There are several possible routes along the Mississippi River between Princeton/Cordova and Buffalo/Andalusia. Before the lock system was built, this stretch of river had a series of rapids that challenged commercial navigation. You won’t notice any rapids now. This is an urban paddle but there are a number of wild places to explore, like around Sylvan Slough and Credit Island. You can do an easy paddle, like the two miles around Sylvan Slough, or challenge yourself with the entire forty-five mile route. If you paddle the whole distance, you’ll have to lock through, or portage around, two locks.

  1. Odessa Water Trail: up to 16.8 miles.

The Odessa Water Trail is several different routes through the Port Louisa National Wildlife Refuge, a dense backwater complex full of life. The northernmost point for the water trail is the Port Louisa boat ramp (river mile 441) south of Muscatine, Iowa; you can put in there and paddle down the channel about 6 ½ miles to the Toolesboro landing (this requires passing through lock and dam 17), where you can either take out or do a short portage to the South Trail and work your way back upriver through the backwaters (6.7 miles). Other paddling routes are as short as three miles.

  1. Mississippi River Water Trail: 121 miles.

The Mississippi River Water Trail runs from Saverton, Missouri to St. Louis, passing a lot of islands and backwater complexes that are a pleasure to explore. To complete the entire trail, you would have to pass through three locks and over (or around) the Chain of Rocks rapids. Many paddlers will prefer to stick to an area between dams. Highlights along the route include the previously mentioned islands and backwaters, the historic villages of Louisiana and Clarksville, the confluence of the Mississippi and Missouri Rivers, the Lewis and Clark State Historic Site, and the Chain of Rocks. If you are considering paddling over the Chain of Rocks, you should read this first.

  1. Middle and Lower Mississippi Water Trail: 1155 miles.

The granddaddy of water trails, the Middle and Lower Mississippi Water Trail follows a thousand miles of free-flowing river and wilderness through the heart of the lower US. The trail begins at the confluence of the Mississippi and Missouri Rivers and ends at the Gulf of Mexico. This is not the trail to start with if you’ve never paddled before. The bigger river requires advanced paddling skills, something you’ll understand clearly when you see the size of the boats that ply this part of the river. If you don’t have a lot of experience paddling on big water, you can still experience this part of the Mississippi in a canoe by booking a guided trip with Big Muddy Adventures in St. Louis or the Quapaw Canoe Company (based in Clarksdale, Mississippi but with satellite facilities in Vicksburg and Natchez, plus Helena, Arkansas).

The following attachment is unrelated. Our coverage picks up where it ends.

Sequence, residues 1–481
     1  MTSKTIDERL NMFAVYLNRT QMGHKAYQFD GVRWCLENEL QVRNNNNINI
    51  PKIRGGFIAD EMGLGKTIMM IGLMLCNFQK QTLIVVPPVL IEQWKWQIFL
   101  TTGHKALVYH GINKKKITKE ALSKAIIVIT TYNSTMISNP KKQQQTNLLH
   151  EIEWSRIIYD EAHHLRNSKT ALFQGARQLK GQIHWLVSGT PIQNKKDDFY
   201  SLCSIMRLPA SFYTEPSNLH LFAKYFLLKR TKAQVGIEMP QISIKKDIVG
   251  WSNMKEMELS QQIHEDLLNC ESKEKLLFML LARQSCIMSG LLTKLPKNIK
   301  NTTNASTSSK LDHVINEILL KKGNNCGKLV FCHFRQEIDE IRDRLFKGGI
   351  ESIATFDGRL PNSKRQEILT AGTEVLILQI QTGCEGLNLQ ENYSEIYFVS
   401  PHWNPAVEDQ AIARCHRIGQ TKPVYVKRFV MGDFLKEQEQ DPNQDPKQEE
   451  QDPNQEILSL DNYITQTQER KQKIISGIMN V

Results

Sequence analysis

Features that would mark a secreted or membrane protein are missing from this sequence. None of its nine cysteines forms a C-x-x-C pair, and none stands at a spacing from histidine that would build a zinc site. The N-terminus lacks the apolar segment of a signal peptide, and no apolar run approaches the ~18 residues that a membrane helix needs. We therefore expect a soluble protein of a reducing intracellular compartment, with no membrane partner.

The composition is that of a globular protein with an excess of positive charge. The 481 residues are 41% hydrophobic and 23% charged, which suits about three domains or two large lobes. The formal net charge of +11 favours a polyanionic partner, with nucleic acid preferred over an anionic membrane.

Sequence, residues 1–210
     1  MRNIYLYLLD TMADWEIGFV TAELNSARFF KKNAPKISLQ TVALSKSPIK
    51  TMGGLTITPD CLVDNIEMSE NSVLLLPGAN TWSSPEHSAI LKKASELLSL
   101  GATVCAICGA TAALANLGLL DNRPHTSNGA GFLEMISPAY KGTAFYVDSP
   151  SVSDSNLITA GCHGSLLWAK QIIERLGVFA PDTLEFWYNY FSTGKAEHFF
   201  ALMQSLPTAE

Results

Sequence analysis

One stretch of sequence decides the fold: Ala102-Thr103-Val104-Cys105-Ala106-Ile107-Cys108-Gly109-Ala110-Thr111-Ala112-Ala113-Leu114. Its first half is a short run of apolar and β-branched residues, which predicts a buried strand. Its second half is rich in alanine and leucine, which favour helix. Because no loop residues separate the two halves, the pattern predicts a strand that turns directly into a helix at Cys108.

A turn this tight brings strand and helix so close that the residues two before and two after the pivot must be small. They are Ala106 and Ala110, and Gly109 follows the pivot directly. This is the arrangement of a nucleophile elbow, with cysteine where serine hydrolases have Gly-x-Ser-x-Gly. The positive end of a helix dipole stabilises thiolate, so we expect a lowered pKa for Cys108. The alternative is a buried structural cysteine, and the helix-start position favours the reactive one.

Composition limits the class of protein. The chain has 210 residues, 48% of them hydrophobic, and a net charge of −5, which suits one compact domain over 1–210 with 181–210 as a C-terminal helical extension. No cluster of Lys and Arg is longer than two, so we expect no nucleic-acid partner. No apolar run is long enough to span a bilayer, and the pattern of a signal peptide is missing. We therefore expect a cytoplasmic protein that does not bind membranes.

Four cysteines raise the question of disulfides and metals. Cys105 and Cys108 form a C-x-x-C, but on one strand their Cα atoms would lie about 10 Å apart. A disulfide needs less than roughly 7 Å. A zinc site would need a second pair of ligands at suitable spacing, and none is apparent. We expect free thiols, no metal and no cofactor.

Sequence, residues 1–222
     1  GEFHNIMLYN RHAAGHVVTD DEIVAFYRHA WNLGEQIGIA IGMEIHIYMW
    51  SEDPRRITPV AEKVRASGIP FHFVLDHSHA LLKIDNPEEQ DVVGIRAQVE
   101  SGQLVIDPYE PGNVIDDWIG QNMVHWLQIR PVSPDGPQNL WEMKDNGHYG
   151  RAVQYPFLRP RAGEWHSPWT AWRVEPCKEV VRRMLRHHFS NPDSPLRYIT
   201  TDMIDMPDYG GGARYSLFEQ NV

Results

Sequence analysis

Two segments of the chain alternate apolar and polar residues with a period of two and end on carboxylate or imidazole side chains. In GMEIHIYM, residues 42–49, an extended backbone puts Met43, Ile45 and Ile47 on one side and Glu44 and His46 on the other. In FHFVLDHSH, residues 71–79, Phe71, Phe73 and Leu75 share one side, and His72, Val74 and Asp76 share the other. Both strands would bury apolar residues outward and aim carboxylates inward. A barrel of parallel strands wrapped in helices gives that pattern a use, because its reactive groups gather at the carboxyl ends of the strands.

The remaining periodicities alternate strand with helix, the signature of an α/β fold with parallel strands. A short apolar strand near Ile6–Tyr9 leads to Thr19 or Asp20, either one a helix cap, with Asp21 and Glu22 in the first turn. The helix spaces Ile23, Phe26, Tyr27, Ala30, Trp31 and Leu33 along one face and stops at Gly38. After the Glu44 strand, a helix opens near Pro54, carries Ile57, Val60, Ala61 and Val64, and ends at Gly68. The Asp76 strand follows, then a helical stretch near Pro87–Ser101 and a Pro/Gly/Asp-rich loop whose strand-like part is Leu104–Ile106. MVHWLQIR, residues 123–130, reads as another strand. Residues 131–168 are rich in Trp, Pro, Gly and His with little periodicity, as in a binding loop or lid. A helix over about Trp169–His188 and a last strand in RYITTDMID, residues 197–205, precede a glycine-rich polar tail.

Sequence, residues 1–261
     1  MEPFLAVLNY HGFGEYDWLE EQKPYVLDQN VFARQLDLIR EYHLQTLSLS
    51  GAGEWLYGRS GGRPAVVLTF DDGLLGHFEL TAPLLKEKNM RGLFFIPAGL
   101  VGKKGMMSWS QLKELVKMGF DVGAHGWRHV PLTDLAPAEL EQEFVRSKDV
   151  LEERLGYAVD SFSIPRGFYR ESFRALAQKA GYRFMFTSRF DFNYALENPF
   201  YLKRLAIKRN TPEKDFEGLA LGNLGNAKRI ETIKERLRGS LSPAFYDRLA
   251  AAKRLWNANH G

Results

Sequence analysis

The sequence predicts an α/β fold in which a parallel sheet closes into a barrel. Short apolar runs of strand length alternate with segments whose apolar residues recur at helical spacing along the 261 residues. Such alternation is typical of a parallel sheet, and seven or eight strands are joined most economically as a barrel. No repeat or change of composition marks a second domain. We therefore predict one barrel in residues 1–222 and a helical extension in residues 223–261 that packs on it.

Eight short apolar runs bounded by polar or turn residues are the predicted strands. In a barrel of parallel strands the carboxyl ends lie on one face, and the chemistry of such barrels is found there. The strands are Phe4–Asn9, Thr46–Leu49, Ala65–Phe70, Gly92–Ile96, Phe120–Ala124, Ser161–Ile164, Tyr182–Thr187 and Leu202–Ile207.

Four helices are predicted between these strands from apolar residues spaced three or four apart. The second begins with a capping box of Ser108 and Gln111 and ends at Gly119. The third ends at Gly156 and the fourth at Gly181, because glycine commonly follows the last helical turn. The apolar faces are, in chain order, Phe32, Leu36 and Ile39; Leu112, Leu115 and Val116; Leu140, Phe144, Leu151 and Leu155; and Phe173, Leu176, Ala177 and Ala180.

Paddlers interested in this section of the Mississippi will find all the information they need at Rivergator.org. There are, of course, many highlights for a thousand-mile route, but a few of the more memorable ones include the Chickasaw Bluffs; Big Island and the vast wilderness where the White, Arkansas, and Mississippi Rivers meet; cypress swamps; and lots of solitude. The route also passes by the major cities of St. Louis, Memphis, Baton Rouge, and New Orleans. If you are paddling all the way to the Gulf of Mexico, you can stick to the busy main channel of the Mississippi or veer off down the wilder Atchafalaya River, a distributary of the Mississippi.

Have you  paddled any of these routes? If so, leave a comment below and tell us about your experiences.

©Dean Klinkenberg, 2017

By | 2017-10-04T12:12:20+00:00 June 28th, 2017|About the Mississippi Valley|0 Comments

About the Author:

Dean Klinkenberg, the Mississippi Valley Traveler, is on a mission to explore the rich history, diverse cultures, and varied ecosystems of the Mississippi River Valley, from the Headwaters in northern Minnesota to the Gulf of Mexico. He is the author of Rock Island Lines, a mystery, and several guidebooks for the Mississippi Valley.